Mounted with Pelco CM1750 brackets on the front wall above the moderator's table, six Honeywell ACC484TP high-resolution color cameras are each equipped with Computar CG-TG1020513 varifocal auto iris lenses. These security-grade cameras are focused on various segments of the audience and coincide with the corresponding microphone zones. There are also two additional cameras on the back wall. One provides a view of the moderator/panelists, while the other focuses on company management. The cameras feed directly into a Pelco VA6220 20-channel sequential homing switcher, which is designed to automatically respond to alarm inputs. The switcher incorporates an alarm mode where a dry contact closure calls up a particular camera. The AudiaFlex provides the control signal for the dry contact closure based on its internal logic sensing each time it detects an active microphone, which facilitates rapid and fully automated switching between the moderator/panelists and audience response.

Audio output from the AudiaFlex and video output from the Pelco VA6220 are summed through an Ocean Matrix OMX-7001 video and stereo audio distribution amplifier. From here, signals feed the Windows Media Encoder IP broadcast interface.

Located along the opposite side of the Yellow Page room is a Winsted K8574 locking console that houses the room's Biamp AudiaFlex, Pelco homing switcher, Sony DVD/VCR player, and QSC Audio power amplifier, as well as two Dell PCs. An Ademco AMC-10 10-inch color monitor is also available for viewing the real-time or archived video stream.

Via an Extron MPS112 media presentation switcher, the system console also provides inputs for projection and/or broadcast of computer graphics, output from a document camera, video camera, DVD/VCR, or other sources. For presentations, the room is equipped with an InFocus LP900 projector and a Da-Lite Model C 120-inch screen. A single snake running from the table controller to the Winsted console brings back the five microphones located at the moderator's table as well as the video program presented to the moderator, so he or she can monitor the AV stream being transmitted.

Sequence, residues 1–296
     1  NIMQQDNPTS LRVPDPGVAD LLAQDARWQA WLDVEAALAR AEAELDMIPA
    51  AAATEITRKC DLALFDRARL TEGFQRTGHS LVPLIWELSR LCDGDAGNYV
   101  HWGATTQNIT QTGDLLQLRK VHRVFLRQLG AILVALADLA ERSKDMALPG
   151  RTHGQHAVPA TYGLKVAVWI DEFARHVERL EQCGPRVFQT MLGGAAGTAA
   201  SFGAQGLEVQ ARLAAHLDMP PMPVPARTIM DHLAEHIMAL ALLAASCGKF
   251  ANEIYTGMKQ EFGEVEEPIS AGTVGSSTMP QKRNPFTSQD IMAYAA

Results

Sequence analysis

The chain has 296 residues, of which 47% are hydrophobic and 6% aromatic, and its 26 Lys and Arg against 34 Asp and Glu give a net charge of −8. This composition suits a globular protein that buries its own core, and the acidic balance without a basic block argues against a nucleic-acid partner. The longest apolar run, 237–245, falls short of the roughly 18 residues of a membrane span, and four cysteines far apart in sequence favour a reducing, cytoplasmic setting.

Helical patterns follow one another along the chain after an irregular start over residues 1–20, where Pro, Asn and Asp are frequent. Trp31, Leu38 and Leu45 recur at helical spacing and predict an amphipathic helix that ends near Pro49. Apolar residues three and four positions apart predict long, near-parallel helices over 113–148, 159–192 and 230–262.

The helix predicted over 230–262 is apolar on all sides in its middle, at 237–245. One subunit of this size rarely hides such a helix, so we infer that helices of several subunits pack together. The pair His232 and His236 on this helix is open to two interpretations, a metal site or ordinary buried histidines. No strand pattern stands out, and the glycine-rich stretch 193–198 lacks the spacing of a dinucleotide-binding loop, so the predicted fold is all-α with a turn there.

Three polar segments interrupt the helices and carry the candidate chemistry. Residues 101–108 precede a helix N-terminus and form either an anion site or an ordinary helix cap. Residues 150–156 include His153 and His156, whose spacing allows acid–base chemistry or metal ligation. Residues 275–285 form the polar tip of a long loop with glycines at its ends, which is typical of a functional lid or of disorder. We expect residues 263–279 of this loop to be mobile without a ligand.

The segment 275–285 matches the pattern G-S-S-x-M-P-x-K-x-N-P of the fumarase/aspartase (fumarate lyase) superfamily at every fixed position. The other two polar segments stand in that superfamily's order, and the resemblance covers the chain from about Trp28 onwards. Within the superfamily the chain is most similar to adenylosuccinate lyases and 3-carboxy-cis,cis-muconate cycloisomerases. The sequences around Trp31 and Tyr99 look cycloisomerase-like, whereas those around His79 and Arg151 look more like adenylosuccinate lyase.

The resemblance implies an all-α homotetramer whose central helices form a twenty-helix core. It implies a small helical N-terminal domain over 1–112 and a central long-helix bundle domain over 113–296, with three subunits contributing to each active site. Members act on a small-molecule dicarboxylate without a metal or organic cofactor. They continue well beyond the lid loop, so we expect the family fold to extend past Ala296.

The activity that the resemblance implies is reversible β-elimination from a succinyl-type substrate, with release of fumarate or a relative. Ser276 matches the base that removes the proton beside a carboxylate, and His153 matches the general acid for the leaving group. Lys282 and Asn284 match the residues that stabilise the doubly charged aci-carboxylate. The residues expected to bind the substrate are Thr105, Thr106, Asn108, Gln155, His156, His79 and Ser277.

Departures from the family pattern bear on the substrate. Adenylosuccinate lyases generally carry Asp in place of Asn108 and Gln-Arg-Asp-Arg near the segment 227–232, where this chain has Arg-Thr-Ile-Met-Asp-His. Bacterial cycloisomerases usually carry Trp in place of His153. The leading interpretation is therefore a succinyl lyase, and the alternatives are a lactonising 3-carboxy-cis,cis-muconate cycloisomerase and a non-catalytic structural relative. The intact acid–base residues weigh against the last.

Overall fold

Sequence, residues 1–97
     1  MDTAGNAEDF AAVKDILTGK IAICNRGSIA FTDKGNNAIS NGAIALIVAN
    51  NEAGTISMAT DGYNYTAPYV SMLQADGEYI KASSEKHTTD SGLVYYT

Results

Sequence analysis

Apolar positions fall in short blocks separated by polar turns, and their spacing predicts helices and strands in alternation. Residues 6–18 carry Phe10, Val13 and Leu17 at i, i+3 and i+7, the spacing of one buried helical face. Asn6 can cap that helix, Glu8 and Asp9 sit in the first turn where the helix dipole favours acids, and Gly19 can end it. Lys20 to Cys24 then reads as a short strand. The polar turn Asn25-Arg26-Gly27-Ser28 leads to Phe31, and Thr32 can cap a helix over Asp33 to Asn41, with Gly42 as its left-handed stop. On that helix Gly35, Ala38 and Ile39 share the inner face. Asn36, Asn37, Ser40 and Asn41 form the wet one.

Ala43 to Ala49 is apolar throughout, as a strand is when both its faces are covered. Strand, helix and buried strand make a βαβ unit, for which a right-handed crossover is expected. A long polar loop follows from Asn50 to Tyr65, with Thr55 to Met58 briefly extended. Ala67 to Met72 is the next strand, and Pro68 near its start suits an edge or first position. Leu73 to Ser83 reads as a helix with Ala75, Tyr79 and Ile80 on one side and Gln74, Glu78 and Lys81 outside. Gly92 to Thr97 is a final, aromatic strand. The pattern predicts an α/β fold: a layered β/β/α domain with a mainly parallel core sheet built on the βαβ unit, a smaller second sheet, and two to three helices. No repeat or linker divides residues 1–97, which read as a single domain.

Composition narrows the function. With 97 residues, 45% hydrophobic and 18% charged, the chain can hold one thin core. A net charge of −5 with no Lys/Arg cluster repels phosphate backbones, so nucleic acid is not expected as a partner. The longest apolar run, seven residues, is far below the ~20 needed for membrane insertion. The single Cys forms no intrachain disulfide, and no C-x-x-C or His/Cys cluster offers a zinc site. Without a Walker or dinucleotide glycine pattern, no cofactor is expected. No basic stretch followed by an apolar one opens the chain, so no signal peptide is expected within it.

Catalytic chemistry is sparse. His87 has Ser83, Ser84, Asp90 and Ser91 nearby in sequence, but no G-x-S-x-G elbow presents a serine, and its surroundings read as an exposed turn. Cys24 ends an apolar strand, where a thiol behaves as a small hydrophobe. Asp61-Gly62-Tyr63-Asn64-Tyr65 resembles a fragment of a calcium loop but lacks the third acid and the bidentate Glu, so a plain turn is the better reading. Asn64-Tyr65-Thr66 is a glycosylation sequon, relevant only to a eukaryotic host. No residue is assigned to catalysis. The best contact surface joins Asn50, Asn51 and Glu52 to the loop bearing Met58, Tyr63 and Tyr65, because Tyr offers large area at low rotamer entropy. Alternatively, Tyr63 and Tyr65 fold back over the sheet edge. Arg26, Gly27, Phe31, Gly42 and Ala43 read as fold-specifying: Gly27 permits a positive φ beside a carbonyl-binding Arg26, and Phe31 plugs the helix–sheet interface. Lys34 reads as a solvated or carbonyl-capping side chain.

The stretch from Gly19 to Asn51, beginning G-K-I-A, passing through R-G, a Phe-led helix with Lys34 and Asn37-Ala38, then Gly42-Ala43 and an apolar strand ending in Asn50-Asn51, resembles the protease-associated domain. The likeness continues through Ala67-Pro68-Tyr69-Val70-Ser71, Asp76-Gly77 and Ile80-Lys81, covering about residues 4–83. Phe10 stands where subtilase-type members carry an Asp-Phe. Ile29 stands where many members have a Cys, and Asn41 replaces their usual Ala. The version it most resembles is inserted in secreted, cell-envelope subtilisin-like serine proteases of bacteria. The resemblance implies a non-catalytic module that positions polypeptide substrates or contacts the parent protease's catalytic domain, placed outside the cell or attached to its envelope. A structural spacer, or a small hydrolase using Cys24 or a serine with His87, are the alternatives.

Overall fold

An economical multimedia solution

To broadcast the company's meetings, the streaming AV feed is sent to a Windows Media encoder where a Windows 2003 server with Windows Media Services simultaneously multicasts and archives the encoded stream. By working with standard Microsoft tools and applications (AVI file format for use with Windows Media Player), no special software or hardware is required for company personnel to view the meeting, which is another cost-effective aspect of the system. In addition to a full-bandwidth version that's multicast over the company's LAN at roughly 2 Mb/s, a second compressed file is also created. This low-bandwidth file is primarily intended for Western Refining's field personnel who access the company intranet via VPN.

The system's greatest benefit lies in its ability to provide affordable and effective mass communication. “This installation turned out to be an extremely cost-effective solution for us,” Larsen says. “After Steve Waltman and Howell Electronics came back with an alternative solution that was less than half the cost of the CCTV approach, I was very pleased, as was management.”

ELIMINATING EXTRANEOUS NOISE

For Western Refining, its Biamp AudiaFlex digital audio platform system not only handles signal processing tasks, but also provides the dry contact closure to guide camera selection based upon the active microphone zone.

The AudiaFlex logic program selects from nine separate camera positions to display the scene, including the person addressing the meeting. Cameras viewing the moderator seat and table are assigned priority over audience views and the same holds true for microphone audio, with the AudiaFlex providing slight attenuation over the audience system when speech overlap occurs.

“The greatest challenge of this installation was creating a systematic approach for directing camera coverage over a 1,700-square-foot conference room using only general microphone coverage as the sensory guidance control,” says Howell Electronics' Design Engineer Steve Waltman. “To accomplish this meant the system must operate with virtual immunity to extraneous noise.”To combat these issues, Waltman first established the basic audio system design using integrated control functionality within AudiaFlex to achieve the primary method of operation. He then applied parametric filtering, auto-mixer logic functionality, and compression/limiting processing, combined with time synchronized logic gates to achieve the final goal: a speech-initiated camera control system merged with local sound reinforcement. Final tuning was later accomplished during live on-air meetings.

Roger Maycock is the owner of MountainCrest Communications in Downey, CA. A recognized music and sound authority, Maycock has written hundreds of technical articles for a number of trade and consumer publications. He can be reached at rmaycock@mountaincrest.net.